What Research Says About Gluten and Eczema

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Eczema is an itchy, scaly skin rash that occurs commonly in children but also occurs in adults. When you have eczema, you develop patches of red, cracked skin that sometimes weep clear fluid. The condition, also known as atopic dermatitis, affects 10 percent to 20 percent of young children. And about seven percent of adults will experience a bout of eczema over the course of their lives.

Eczema treatment usually starts with skin creams that contain corticosteroids, which work to calm the inflammation on your skin. If those don't work, your doctor may prescribe stronger corticosteroids that you take by mouth. In severe cases, physicians may try other drugs that suppress the immune system reaction that causes skin inflammation.

However, there may be another alternative for people seeking eczema treatment. The skin condition appears to be linked to celiac disease and to non-celiac gluten sensitivity and a gluten-free diet—the treatment for both of those conditions—may, in fact, help treat eczema in some people.

The Link Between Celiac Disease and Eczema

It's not clear what causes eczema, but the skin condition appears to result from a combination of genetic predisposition and environmental factors. People with eczema seem to have both lower levels of a type of protein that's associated with a healthy immune system plus higher levels of a protein that's involved in allergic reactions. Some physicians consider eczema an autoimmune condition, which means it involves your immune system attacking your own healthy tissue by mistake.

Researchers have compared the prevalence of eczema in people who also have celiac disease to eczema prevalence in control subjects. They've found that eczema occurs about three times more frequently in celiac disease patients and about two times more frequently in relatives of celiac disease patients, potentially indicating a genetic link between the two conditions.

The Link Between Gluten Sensitivity and Eczema

Non-celiac gluten sensitivity is not as well understood as celiac disease. However, researchers who are studying it say that symptoms include digestive issues, such as diarrhea, constipation, pain, and bloating plus other symptoms, including brain fog and skin conditions.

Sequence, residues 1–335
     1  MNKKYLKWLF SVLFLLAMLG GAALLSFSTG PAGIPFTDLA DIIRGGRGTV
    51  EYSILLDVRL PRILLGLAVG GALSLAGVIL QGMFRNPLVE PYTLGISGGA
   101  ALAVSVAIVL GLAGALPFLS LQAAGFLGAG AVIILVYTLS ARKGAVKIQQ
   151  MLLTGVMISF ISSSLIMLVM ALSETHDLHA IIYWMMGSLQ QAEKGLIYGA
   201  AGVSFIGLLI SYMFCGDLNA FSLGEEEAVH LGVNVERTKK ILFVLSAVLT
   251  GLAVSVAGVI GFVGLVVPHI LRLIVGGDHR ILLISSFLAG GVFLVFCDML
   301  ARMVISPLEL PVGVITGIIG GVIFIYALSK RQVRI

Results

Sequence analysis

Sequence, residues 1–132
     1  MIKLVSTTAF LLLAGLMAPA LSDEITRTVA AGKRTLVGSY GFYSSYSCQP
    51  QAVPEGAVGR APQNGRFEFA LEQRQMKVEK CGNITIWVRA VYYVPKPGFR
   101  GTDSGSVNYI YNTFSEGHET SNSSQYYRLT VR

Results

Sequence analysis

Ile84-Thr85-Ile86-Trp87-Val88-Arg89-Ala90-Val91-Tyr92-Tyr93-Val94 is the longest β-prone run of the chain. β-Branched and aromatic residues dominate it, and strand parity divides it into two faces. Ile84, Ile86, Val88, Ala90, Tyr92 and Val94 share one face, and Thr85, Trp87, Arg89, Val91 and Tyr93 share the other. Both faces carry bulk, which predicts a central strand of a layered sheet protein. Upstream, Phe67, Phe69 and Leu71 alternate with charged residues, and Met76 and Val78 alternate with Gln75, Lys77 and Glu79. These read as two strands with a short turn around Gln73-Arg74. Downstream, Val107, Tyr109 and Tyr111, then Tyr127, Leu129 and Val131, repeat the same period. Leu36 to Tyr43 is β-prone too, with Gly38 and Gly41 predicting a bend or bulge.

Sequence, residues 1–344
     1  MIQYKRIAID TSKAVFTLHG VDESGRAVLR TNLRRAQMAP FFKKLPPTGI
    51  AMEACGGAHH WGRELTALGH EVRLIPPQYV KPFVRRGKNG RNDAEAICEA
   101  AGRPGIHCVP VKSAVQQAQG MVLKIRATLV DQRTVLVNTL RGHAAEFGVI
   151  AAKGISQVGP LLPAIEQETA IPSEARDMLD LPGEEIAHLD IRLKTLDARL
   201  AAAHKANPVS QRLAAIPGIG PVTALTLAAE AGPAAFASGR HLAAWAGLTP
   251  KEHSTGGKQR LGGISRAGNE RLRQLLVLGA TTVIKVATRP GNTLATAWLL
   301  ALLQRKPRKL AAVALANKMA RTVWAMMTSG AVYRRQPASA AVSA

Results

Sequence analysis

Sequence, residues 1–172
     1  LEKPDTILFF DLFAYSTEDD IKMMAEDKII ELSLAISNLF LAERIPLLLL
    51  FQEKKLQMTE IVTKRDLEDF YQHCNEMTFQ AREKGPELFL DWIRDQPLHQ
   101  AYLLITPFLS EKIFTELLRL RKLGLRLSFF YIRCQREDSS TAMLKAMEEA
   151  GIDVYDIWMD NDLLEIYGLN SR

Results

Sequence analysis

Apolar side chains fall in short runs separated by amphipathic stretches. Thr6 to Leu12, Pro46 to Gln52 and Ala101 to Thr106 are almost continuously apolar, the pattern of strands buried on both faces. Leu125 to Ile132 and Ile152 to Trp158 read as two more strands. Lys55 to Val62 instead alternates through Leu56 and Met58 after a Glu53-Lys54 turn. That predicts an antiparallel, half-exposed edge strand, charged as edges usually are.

Eczema has been associated with gluten sensitivity. Specifically, one 2015 study looked at 17 people with non-celiac gluten sensitivity who had skin problems, including rashes that looked like eczema, dermatitis herpetiformis, and psoriasis. The study found these people's skin improved significantly within about one month when those people adopted the gluten-free diet.

Studies of Symptoms

It's possible that a strict wheat-free or gluten-free diet could help treat some cases of eczema, both in those with celiac disease and in people with gluten sensitivity.

In one study, Finnish researchers looked at candidates for eczema treatment who had suspected wheat allergies but not clinically confirmed celiac disease. Their aim was to identify the specific fraction of wheat causing eczema (which turned out to be gliadin, the toxic protein fragment in celiac disease). They found that four of the six adult eczema patients studied successfully treated their eczema by eliminating grains from their diets.

Another British study looked at the overall prevalence of immune system disorders in patients with celiac disease and found that about five percent of celiac disease patients also had eczema. Two of these patients, out of a total of 17, had "dramatic and persisting relief from their rash when on [the gluten-free] diet," the study reported.

Is a Gluten-Free Diet Considered an Eczema Treatment?

In these studies, the gluten-free diet helped some, but not all, eczema patients control their symptoms. So should you consider a gluten-free diet as eczema treatment?

If you've just been diagnosed with celiac disease and you also have eczema, you may find that you resolve some or all of your eczema symptoms with a gluten-free diet. In addition, since eczema and celiac disease appear to be related genetically, and since both run in families, you may want to consider celiac disease testing if you have eczema and are related to people who have celiac disease.

If you have eczema along with celiac disease symptoms, you definitely should get tested for celiac disease, since you're already at a higher risk for the condition. Again, if you do turn out to have celiac disease, as a bonus you may find that the gluten-free diet helps to clear up your eczema symptoms.

If you've finished with all the medical testing you wish to have for celiac disease (regardless of whether you've been diagnosed with the condition), you might want to consider trying the gluten-free diet on a trial basis for several months to see if it helps with your eczema. Just remember, for the diet to work, you'll need to follow it strictly without cheating.

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